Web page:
“I wanted it for all the pets,” says Ward, whose grandmother also collected animals on a small farm – horses, ostriches, mules, cows and any other stray she came across.
Ward began foster-caring dogs in her new house, which seemed a natural for someone who, over the years had brought home a number of stray dogs, not to mention rabbits, birds and cats. (She likes to note that she was born in 1982, the year of the dog, according to the Chinese zodiac.) Once she had her own house, she collected more animals — pigs, dogs, cats, ferrets, squirrels and a coatimundi (a raccoon-like animal), and this was besides the dogs she fostered. At one point she was working 50 hours a week, taking classes in the evening and spending another 12 hours a week on foster care.
When she was 21, she sold her home and accepted a job offer from a cousin in Salt Lake City, where she soon got married, started a family, settled in a home on an acre lot in West Jordan, then dived into the dog rescue organization.
“She’s just always loved animals,” Matt Ward says, “and so do I, although not as much as her.”
Ruff Patch is a nonprofit organization and a demanding, expensive undertaking. It’s all the more expensive because Stacie Ward accepts dogs with special needs, which means more work and medical bills that run into the thousands of dollars. Some are injured, some have orthopedic needs or neurological disorders, and some are just old. Two of the dogs have spina bifida.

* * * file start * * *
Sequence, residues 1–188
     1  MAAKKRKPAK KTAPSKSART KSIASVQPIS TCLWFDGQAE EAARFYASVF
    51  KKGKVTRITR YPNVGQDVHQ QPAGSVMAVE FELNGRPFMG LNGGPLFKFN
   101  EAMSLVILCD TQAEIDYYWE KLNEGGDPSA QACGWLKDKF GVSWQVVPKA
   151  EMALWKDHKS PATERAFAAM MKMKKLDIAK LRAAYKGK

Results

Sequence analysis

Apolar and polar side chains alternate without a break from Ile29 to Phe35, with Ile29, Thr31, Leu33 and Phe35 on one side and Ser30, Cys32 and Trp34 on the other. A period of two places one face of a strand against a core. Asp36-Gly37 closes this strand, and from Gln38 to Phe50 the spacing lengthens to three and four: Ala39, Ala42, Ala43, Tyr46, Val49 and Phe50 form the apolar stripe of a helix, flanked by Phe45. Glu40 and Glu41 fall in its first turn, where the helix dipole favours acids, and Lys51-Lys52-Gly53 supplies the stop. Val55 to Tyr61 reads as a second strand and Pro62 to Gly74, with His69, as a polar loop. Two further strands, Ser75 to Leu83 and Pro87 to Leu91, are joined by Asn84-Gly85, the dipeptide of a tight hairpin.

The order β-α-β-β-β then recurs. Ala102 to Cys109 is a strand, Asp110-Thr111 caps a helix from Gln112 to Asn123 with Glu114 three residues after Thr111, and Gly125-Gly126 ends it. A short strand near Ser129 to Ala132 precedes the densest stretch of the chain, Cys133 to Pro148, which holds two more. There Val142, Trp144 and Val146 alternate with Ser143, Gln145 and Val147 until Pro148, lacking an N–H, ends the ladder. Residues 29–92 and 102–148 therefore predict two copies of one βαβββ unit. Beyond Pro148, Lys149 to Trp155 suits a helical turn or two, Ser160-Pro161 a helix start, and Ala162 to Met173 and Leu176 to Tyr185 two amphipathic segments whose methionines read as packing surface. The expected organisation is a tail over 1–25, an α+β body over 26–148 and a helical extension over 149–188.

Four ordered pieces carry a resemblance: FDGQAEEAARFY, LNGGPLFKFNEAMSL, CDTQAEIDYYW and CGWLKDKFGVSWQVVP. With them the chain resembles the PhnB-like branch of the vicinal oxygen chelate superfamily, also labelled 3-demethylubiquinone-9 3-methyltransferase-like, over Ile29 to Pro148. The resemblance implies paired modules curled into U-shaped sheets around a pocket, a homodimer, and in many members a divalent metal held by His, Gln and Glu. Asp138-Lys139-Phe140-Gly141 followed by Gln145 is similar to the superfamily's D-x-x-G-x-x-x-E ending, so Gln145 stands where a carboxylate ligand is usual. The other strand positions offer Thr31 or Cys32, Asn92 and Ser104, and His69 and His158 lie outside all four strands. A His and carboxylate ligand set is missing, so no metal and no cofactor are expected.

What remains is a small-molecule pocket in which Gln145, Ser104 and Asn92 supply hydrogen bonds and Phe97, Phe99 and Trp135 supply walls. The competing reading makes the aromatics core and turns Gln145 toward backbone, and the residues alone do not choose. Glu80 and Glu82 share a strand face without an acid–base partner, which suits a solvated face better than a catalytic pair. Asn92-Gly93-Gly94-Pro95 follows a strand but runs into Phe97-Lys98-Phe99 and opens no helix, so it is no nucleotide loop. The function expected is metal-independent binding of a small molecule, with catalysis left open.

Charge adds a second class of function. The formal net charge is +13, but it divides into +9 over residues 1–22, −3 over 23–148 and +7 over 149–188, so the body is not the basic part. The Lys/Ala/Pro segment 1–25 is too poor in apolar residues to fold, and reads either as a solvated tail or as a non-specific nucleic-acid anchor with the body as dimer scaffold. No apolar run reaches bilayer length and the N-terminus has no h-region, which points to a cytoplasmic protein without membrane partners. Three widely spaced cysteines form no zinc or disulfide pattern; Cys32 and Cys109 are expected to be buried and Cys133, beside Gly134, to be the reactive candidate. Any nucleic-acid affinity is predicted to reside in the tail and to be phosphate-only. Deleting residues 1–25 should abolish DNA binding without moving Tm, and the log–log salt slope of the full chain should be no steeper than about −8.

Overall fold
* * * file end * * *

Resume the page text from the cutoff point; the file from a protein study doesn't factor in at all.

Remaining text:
“We do find homes for them,” she says. “A lot of families are looking for special-needs dogs and senior dogs. We’ve had some long-timers who will probably be with me even longer. People have come forward for them, but we haven’t found the right families. We say ‘no’ more than ‘yes’ in our adoption of some of the harder cases. We talk reality with (potential owners) about the animals. The adult dogs usually choose the family. You can see the way they respond to the family.”
Dr. Alan Cunningham, who works at the Stone Ridge clinic, marvels at Ward’s dedication.
“She will take any animal that needs a second chance,” he says. “Many are unadoptable due to health or behavioral reasons. Several of the animals have to be diapered. She has to change them several times a day. But as long as an animal is given the best treatment and is happy, she will keep trying.”
To stay afloat, Ruff Patch relies on donors and puppies born to dogs in the program (puppies being the most popular choice of clients). Adoption fees range from $160 to $350, depending on the specific dog and the needs the animal required while in Ruff Patch’s care. The price includes spay/neutering, vaccines, microchip implantation and registration, 30 days of pet insurance, and a wellness exam.Comment on this story
”Everything we take in needs to go back to the animals,” says Stacie, whose work is helped considerably by Stone Ridge, which donates medical care at cost, and Cunningham, who donates his time.
Many of her waking hours are dedicated to dogs. She carries a scanner in her car for the occasions when she finds stray animals with a microchip.
“When you start something like this, you don’t look at the big picture,” she says. “Ten years ago, I did not think it would be like this. But I have no regrets. It’s rewarding. It’s our lives. If we didn’t have it, we’d feel empty.”